A Hole In The Wall opens in Austin

This Week in Texas Music History, a Hole in the Wall opens in Austin.

A Hole In The Wall opens in Austin

Jason Mellard from the Center for Texas Music History at Texas State University

On June 15, 1974, fifty years ago, Billie and Doug Cugini opened the Hole in the Wall as a casual bar across the street from the University of Texas at Austin. It didn’t book music from the beginning, but enough musicians hung out there in the progressive country heyday that it started to foster performance as a natural next step. Stevie Ray Vaughan, Doug Sahm, and Townes Van Zandt spent time there, but the Hole really excelled in fostering new and eccentric talent.

Take Timbuk 3, the folk-rock duo of Pat MacDonald and Barbara K, who played the Hole in the Wall accompanied by rhythm tracks on cassette. Bookings at the Hole paved their way to an appearance on MTVand the indelible 80s hit “The Future’s So Bright I Gotta Wear Shades.” It wasn’t the only top 40 single forged in the Hole. In 1998, another venue stalwart, the band Fastball, found national success with the wistful love song “The Way.”

A whole book could be written on the music made in the Hole in the Wall between the years of those two hits, 1986 and 1998. That it was across the street from the Austin City Limits studios also meant that big names popped by now and again, a surprise visit from Emmylou Harris or a Don Henley game enough to sit in with Mojo Nixon for a rousing version of “Don Henley Must Die.”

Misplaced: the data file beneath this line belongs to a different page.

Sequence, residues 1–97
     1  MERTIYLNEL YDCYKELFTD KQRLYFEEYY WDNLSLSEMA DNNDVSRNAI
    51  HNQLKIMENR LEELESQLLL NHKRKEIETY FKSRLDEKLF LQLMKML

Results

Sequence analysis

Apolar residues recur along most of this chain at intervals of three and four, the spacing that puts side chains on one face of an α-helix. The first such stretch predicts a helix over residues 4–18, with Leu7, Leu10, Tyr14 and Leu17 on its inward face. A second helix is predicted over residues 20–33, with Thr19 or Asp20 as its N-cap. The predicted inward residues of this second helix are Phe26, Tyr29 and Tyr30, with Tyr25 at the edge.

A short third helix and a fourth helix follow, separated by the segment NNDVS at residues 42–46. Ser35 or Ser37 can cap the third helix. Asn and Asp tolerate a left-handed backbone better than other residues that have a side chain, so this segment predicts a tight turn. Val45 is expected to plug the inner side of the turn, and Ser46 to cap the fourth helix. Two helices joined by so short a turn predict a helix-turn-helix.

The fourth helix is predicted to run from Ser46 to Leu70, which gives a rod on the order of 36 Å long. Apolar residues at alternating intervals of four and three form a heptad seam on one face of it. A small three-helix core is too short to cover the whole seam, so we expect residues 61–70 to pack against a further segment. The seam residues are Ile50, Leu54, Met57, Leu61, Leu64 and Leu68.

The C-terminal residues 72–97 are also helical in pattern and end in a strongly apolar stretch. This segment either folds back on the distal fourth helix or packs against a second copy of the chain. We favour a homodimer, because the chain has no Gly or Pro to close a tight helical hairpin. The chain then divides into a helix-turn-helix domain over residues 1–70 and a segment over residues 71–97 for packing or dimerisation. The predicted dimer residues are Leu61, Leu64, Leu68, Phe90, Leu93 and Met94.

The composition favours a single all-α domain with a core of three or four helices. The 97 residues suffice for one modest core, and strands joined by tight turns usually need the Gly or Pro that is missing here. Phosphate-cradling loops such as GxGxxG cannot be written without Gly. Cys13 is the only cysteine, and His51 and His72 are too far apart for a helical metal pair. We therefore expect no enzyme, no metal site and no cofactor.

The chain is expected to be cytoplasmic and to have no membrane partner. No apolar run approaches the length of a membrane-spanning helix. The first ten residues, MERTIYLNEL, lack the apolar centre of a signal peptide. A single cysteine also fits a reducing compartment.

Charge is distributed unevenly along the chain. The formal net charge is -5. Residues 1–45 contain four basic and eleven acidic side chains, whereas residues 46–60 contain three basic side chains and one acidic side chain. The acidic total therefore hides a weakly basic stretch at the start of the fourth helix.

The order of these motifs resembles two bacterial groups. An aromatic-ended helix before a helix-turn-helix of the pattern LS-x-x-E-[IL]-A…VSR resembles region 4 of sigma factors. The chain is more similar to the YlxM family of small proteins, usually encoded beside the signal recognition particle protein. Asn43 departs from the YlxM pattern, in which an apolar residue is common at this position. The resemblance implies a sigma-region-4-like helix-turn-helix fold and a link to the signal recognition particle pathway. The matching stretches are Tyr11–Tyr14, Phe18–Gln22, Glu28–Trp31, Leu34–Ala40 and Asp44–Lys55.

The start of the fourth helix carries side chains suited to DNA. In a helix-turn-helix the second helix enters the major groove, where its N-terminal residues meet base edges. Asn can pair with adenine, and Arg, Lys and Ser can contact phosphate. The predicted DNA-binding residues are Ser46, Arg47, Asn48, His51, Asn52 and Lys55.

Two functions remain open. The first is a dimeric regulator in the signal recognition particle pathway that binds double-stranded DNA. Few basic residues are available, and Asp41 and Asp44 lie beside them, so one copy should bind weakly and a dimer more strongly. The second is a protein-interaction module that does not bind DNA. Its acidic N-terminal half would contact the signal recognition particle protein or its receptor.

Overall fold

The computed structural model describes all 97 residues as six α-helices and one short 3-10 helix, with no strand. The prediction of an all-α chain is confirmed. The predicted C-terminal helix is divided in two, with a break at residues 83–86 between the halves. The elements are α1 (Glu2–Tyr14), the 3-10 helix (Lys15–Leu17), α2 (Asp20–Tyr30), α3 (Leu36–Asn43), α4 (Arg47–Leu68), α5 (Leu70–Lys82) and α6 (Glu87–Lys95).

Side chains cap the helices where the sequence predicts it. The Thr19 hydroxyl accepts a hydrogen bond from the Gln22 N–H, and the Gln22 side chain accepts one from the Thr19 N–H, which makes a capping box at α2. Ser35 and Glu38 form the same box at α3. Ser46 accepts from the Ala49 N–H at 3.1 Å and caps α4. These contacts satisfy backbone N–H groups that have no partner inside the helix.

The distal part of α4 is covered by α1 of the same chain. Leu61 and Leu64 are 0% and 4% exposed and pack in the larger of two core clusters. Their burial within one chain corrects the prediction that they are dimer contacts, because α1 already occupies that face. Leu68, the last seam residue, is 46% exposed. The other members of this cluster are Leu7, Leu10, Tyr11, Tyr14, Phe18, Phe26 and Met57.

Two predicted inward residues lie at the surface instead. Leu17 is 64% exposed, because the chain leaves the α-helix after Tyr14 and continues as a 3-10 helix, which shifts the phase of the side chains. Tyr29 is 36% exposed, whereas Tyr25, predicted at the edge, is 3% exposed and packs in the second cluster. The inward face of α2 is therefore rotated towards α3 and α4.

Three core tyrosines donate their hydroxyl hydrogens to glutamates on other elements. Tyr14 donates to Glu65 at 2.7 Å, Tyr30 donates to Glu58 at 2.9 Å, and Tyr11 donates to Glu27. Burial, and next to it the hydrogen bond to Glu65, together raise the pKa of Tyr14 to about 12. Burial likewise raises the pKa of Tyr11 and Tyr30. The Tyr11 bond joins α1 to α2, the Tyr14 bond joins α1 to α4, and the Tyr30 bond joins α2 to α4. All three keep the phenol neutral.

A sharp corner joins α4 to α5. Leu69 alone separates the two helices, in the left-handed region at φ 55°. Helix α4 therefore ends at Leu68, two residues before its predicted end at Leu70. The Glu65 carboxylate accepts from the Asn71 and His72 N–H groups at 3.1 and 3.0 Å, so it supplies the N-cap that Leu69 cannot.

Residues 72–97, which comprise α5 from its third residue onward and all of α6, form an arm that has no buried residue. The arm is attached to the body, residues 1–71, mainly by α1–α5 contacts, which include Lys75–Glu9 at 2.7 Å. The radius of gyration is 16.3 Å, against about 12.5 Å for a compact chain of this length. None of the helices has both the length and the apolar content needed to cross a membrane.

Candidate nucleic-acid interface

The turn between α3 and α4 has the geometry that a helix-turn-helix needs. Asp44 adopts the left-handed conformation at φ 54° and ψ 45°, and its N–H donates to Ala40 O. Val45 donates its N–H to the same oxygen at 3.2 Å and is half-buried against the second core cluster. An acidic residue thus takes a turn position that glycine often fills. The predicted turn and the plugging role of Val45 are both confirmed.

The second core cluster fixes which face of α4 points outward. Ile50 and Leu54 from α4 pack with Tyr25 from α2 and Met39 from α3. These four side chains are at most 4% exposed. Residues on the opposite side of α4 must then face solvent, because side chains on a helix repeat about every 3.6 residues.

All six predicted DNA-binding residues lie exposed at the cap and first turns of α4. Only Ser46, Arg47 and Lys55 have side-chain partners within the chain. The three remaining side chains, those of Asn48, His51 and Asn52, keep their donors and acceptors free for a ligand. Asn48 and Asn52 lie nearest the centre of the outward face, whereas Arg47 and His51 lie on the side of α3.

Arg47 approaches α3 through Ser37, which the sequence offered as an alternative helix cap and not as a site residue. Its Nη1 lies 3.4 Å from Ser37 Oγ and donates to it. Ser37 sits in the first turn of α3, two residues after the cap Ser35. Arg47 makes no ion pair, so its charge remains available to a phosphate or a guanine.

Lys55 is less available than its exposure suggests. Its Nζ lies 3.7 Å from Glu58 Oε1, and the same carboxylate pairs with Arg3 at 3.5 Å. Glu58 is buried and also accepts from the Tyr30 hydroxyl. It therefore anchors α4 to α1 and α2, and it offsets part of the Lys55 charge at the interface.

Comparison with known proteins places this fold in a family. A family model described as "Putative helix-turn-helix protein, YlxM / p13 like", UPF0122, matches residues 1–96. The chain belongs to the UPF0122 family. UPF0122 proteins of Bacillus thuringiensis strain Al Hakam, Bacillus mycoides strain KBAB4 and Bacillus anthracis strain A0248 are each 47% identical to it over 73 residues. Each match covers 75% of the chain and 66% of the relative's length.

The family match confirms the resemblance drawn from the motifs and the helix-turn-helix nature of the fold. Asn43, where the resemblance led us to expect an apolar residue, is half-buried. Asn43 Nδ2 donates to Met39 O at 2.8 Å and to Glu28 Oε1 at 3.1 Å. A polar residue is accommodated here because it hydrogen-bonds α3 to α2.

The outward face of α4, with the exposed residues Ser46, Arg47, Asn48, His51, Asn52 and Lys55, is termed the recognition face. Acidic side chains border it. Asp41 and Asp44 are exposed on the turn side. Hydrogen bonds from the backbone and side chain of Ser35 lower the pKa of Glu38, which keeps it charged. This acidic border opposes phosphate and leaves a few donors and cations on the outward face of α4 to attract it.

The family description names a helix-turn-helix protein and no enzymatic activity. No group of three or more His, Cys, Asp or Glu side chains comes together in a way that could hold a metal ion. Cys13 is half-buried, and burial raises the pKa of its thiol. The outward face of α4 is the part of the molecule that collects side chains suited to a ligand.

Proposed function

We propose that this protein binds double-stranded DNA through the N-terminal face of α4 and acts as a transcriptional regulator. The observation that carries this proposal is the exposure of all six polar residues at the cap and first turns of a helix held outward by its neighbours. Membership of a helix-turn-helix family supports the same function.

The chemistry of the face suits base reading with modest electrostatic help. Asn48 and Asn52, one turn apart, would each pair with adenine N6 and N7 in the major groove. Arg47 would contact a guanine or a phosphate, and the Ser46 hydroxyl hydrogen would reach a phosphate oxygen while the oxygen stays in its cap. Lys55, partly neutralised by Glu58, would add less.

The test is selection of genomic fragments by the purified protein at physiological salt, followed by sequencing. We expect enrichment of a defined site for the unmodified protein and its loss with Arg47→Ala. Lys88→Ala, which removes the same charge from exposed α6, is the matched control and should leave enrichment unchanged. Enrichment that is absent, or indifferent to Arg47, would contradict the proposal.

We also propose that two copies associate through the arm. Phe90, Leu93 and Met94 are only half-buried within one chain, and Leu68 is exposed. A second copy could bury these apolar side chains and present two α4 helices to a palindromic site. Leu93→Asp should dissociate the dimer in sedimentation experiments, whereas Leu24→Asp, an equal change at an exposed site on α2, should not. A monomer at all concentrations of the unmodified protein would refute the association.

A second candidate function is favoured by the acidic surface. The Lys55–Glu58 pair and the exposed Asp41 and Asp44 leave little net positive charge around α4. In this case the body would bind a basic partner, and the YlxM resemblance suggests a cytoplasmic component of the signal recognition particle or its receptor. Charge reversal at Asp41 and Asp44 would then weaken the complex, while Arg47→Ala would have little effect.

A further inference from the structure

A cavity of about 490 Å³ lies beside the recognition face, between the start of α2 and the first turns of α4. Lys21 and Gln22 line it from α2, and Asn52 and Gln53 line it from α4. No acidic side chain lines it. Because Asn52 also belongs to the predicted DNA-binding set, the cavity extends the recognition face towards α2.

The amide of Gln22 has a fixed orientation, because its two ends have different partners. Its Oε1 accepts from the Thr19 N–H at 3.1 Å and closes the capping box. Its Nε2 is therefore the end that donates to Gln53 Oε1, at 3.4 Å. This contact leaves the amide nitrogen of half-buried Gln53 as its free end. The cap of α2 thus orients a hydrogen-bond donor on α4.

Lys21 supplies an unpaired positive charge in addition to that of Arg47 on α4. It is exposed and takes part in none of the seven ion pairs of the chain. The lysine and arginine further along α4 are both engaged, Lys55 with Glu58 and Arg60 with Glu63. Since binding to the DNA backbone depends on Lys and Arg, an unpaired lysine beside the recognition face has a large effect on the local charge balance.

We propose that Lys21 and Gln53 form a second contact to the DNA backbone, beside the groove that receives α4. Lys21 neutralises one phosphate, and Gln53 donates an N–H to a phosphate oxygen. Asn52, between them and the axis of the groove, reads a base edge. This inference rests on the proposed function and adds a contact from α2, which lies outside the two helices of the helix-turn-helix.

There’s a Spoon music video and Alejandro Escovedo’s glam project Buick MacKane, an early Nanci Griffith residency and seedy lore on Courtney Love. In 1998, bar manager Debbie Rombach purchased the venue, and it changed hands again after a short closure in 2002.

JORDAN VONDERHAAR ‘Wall of Regulars’ at Hole In The Wall

Throughout, the Hole in the Wall platformed local bands in a rapidly changing Austin, which is all the more reason to celebrate the victories of its fiftieth anniversary: a new lease on life supported by financial assistance from Austin’s Iconic Venue Fund.

Sources:

Michael Corcoran, “Birth, Death, and Revival of Hole in the Wall,” January 30, 2022. https://michaelcorcoran.substack.com/p/birth-death-and-revival-of-the-hole 

Erinn Park in Laurie E. Jasinski, Gary Hartman, Casey Monahan, and Ann T. Smith, eds. The Handbook of Texas Music. Second Edition. Denton, TX: Texas State Historical Association, 2012.

Barry Shank. Dissonant Identities: The Rock ‘n’ Roll Scene in Austin, Texas. Hanover, NH: Wesleyan University Press, 1994.

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